Central banks continue to infuse liquidity
The balance sheet of the US Fed stands at $7.177 trillion and that of European Central Bank stands at Euros 6.883 trillion. Two of the biggest central banks’ balance sheets continue to balloon because of an infusion of liquidity and the policy of easy liquidity will continue in 2021 also.
To add spice further, the number of coronavirus cases globally stands at around 65 million and the United States is currently battling a third wave of coronavirus infections as the virus continues to infect the population at a much larger scale. Over 1.5 million people have lost their lives due to Covid-19, with one death reported every nine seconds on a weekly average. Vaccinations are set to begin in December in a handful of developed nations.
However, we live in an optimistic world and the hopes of an early vaccine in some of the countries have brought in a ray of hope. Britain became the first country to approve the vaccine candidate developed by Germany’s BioNTech and Pfizer Inc, jumping ahead of the rest of the world in the race to begin a crucial mass inoculation programme. The US health regulators are expected to approve distribution and administration of the vaccine in mid-December. Africa aims to have 60% of its population vaccinated against Covid-19 within the next two to three years, according to the African Union’s disease control group. A flurry of positive vaccine news has helped drive a rally in riskier currencies, while actions taken by the Federal Reserve have weakened the dollar in the recent weeks.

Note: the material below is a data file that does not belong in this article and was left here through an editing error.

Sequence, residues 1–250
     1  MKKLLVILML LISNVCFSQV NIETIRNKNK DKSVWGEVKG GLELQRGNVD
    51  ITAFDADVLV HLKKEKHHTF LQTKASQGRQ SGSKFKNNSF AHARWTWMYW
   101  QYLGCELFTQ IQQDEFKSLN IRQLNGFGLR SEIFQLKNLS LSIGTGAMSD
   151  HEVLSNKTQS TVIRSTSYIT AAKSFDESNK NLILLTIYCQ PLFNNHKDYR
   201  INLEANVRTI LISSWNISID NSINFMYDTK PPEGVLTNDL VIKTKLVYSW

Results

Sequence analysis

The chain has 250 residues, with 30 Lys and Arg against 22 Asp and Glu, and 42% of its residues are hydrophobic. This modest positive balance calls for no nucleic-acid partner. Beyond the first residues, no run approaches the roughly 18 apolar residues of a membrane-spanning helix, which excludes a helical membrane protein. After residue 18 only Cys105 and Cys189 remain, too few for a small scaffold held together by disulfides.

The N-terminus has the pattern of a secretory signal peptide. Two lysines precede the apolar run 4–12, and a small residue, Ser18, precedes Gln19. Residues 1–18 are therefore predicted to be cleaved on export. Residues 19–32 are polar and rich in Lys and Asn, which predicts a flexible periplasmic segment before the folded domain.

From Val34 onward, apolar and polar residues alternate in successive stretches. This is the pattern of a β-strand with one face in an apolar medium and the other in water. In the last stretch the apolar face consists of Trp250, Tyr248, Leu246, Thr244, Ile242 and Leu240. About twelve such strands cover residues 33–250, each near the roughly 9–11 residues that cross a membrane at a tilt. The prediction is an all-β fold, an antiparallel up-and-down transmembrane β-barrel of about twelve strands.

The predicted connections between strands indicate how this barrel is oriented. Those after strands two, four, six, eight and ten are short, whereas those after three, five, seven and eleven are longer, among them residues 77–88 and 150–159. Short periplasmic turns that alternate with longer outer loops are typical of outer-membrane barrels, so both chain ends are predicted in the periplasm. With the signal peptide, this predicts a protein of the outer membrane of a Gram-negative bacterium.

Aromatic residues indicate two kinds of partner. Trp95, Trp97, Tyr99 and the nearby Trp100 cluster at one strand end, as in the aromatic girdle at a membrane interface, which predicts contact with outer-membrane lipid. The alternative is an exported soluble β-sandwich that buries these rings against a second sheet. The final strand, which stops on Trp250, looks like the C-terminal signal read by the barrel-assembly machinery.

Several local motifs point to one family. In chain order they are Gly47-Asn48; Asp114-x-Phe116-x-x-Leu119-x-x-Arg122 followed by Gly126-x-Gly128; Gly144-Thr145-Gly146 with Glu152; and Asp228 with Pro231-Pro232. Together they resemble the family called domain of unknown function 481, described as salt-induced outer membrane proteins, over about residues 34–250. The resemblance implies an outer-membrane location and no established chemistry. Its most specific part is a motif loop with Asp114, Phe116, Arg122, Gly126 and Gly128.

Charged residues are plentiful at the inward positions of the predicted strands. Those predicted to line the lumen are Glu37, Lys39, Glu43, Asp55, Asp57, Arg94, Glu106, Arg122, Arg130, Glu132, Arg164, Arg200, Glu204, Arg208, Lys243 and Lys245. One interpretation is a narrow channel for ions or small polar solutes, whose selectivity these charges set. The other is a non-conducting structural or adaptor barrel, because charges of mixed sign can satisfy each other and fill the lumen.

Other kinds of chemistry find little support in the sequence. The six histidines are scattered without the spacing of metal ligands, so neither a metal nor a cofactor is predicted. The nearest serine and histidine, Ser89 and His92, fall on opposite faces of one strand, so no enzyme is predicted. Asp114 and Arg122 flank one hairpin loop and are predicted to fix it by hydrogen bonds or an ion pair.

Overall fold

Dollar weakness: A major boost to gold
The zooming balance sheet of the US central bank has led to flush of liquidity in the US as well as in the global markets. This liquidity is chasing for higher yields and the drive for investors into riskier assets has strengthened further on hopes of a successful vaccine as discussed above in the report earlier.
On the contrary, the dollar, which is also considered to be a safe haven, has already lost its value by 6 per cent in 2020, and the further monetary stimulus will lead to more weakness in the dollar in the coming months. The dollar weakness and gold prices are inversely correlated and if it weakens further, there is more room for gold prices to move higher in the months ahead.
There is no change in the policy of central banks going into the New Year and rising Covid infections is a cherry on cake for global investors to increase their interest in the yellow metal.
Although there are major revisions to the global GDP growth numbers in recent weeks, the risk of slowdown continues to persist with a third wave of infections in the US and Europe.
Whatever the situation, there is more room for gold prices to move higher in the coming month and we see spot gold prices in the international markets shoot up towards $1,965/oz while MCX gold futures might move higher towards Rs 50,500/10 gms in a month’s time frame.
Prathamesh Mallya is AVP – Research, Non-Agri Commodities and Currencies, Angel Broking Ltd. Views are his own.
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